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Sage Francis
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Joined: 30 Jun 2002
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Sage interview with Uptown Magazine online  Reply with quote

Personal politics
Rhode Island rapper Sage Francis isn't afraid to speak his mind
Mike Sherby

The first piece of advice any budding writer will likely hear is 'write what you know.' It's hackneyed, but there's truth behind it. Take Sage Francis, for instance. The Rhode Island rapper has made a career of airing his personal demons onstage and in his music.

Opening up your life to a crowd of strangers would be enough to scare the pants off of most people, but Francis says he doesn't think twice about it.

"It's very easy for me. I started writing in the fourth grade, and even back then it was just a lot of confessional stuff," he says. "The kind of stuff you wouldn't speak openly about in any kind of normal circumstance, and that's why it went to the pen, because it seemed like that was the place for it."

Apart from examining his own life, Francis also focuses a critical lens on the world at large. In his hands, words become weapons he uses to attack the hypocrisy, greed and corruption that he sees in the world around him.

In September, Francis released the song Conspiracy to Riot over the Internet. The track is part of a fundraising campaign for Jared Paul, a journalist who was arrested during the Republican National Convention, which was held in St. Paul, Minn., earlier that month.

Francis says Paul, as well as hundreds of others, were arrested and held without reason by overzealous police officers.

"It got minimal press, definitely not the amount of press it deserved," Francis says. "The fervor being about the political candidates, people's rights took a back seat. And that's really unfortunate, but expected at this point."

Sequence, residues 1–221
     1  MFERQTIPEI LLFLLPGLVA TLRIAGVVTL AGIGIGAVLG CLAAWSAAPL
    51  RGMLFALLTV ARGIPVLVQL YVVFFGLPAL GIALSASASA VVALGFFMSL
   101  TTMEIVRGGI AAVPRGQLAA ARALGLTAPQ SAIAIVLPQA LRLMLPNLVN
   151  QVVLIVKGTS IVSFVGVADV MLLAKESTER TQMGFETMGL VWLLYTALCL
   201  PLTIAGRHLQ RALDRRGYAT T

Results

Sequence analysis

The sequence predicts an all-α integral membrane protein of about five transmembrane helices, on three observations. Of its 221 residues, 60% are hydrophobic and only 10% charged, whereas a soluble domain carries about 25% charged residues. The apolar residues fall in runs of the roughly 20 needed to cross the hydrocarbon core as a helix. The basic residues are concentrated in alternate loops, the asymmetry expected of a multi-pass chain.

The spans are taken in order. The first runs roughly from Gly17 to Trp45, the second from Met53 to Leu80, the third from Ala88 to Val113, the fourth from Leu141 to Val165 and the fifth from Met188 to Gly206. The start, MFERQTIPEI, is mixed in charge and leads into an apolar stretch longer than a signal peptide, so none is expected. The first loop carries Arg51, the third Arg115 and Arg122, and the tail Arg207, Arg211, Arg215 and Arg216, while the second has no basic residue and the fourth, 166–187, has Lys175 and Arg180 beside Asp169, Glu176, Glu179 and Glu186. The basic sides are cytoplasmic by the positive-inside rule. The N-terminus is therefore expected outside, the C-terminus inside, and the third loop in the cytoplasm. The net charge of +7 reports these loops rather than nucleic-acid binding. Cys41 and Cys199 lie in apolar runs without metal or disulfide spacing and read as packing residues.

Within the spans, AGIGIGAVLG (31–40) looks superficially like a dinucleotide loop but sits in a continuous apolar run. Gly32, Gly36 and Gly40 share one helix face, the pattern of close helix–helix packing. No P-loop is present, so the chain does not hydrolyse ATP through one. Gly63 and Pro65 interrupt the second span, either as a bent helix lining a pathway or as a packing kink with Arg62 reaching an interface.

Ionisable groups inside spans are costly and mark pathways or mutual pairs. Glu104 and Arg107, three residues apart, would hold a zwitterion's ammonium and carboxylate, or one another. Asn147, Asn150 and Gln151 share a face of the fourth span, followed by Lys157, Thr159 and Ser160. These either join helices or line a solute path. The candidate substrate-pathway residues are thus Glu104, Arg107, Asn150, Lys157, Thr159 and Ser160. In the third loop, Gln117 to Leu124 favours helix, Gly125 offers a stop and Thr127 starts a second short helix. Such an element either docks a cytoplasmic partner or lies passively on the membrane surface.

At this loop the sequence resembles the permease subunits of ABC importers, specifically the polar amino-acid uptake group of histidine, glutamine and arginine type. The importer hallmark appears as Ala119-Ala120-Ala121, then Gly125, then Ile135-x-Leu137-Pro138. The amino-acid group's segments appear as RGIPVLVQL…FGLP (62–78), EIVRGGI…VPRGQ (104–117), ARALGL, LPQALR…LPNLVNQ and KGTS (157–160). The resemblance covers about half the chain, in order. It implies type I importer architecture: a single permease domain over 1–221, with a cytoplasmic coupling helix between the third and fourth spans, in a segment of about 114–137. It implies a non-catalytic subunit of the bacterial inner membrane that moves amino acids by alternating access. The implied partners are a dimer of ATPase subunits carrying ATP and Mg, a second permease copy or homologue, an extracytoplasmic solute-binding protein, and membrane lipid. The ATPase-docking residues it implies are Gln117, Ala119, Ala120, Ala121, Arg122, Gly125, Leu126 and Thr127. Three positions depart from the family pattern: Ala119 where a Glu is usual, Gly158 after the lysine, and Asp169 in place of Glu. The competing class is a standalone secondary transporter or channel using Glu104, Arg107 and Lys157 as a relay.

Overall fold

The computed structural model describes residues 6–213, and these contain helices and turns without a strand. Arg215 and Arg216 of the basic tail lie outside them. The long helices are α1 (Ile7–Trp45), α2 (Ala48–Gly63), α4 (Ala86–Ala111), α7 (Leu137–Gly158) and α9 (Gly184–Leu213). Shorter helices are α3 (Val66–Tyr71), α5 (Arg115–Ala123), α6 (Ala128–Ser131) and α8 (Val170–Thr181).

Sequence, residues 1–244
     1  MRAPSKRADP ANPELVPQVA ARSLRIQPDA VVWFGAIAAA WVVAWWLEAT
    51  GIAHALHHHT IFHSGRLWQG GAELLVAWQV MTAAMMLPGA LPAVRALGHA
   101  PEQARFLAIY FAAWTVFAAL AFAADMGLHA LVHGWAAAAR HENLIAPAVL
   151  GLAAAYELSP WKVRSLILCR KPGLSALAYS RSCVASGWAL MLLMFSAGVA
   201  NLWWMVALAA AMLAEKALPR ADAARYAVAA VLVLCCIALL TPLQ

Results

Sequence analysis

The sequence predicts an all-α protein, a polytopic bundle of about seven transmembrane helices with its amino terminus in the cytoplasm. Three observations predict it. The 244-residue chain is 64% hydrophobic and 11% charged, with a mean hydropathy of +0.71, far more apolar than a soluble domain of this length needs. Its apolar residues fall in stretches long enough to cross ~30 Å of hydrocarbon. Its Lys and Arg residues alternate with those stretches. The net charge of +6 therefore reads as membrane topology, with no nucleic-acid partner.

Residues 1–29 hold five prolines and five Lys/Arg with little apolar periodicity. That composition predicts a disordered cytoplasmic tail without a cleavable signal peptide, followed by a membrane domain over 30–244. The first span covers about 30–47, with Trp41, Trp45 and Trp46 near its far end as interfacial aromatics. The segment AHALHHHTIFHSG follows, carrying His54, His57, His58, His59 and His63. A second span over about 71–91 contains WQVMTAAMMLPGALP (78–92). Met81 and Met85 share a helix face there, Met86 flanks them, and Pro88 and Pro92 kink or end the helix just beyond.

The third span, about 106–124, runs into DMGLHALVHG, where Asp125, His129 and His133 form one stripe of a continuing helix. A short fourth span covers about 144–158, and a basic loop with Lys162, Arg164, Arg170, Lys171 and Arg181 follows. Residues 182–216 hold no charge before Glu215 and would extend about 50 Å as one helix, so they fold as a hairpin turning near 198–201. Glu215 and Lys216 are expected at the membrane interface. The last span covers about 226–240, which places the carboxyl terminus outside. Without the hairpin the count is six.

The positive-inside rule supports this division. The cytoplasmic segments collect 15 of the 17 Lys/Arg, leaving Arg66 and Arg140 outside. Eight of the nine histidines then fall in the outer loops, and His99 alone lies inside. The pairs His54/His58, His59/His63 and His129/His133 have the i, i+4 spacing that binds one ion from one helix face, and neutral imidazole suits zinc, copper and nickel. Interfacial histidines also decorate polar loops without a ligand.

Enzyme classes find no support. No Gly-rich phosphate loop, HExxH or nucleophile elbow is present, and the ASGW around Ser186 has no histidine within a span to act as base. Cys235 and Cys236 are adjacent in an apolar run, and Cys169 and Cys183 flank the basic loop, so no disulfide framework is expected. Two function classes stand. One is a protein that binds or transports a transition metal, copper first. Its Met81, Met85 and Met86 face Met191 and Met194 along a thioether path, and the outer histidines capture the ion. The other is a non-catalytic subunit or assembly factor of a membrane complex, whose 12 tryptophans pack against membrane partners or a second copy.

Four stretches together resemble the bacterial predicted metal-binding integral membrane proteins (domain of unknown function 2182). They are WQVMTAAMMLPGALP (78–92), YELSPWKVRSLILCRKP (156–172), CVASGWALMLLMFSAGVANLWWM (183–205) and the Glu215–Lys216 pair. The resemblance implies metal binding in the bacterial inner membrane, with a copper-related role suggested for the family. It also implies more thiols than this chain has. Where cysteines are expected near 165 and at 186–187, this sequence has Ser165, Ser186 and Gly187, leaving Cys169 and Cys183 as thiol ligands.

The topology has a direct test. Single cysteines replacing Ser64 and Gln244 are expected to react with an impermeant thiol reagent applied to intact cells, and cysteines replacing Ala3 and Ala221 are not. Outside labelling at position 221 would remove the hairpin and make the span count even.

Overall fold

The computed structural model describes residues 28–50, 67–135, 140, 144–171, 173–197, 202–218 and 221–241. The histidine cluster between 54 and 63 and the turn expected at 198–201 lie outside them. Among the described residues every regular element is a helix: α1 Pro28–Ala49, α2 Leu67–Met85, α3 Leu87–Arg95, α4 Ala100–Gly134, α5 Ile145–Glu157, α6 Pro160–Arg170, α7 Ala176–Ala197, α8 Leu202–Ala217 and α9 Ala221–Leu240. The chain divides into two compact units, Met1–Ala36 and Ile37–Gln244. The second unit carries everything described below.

As a student at the University of Rhode Island, Francis studied journalism. He credits this with helping open his eyes to the inner workings of news media - a medium he has an uneasy relationship with.

"You're not really getting a bunch of information. It's just a lot of people recycling the same stories, and repeating it over and over for weeks at a time," he says. "It's just what they all decide and they keep reeling people in, chained in, and that's having a negative effect on their purposes. As media outlets, they should be there to keep the government in check and to inform people in order for us to make appropriate decisions as citizens of a capitalist country."

Francis is currently crossing Canada with political punk act Rise Against as part of its Appeal To Reason tour. This will be his first time touring Canada, and he's curious to see how fans will respond to his music.

"If they're politically active, then they'll take to the material I talk about in my music," he says. "But if they're so insular as to reject anything that isn't in the punk rock medium, then we'll have a problem. But I've had the same problem with hip hop crowds before."
Post Fri Dec 05, 2008 5:59 pm
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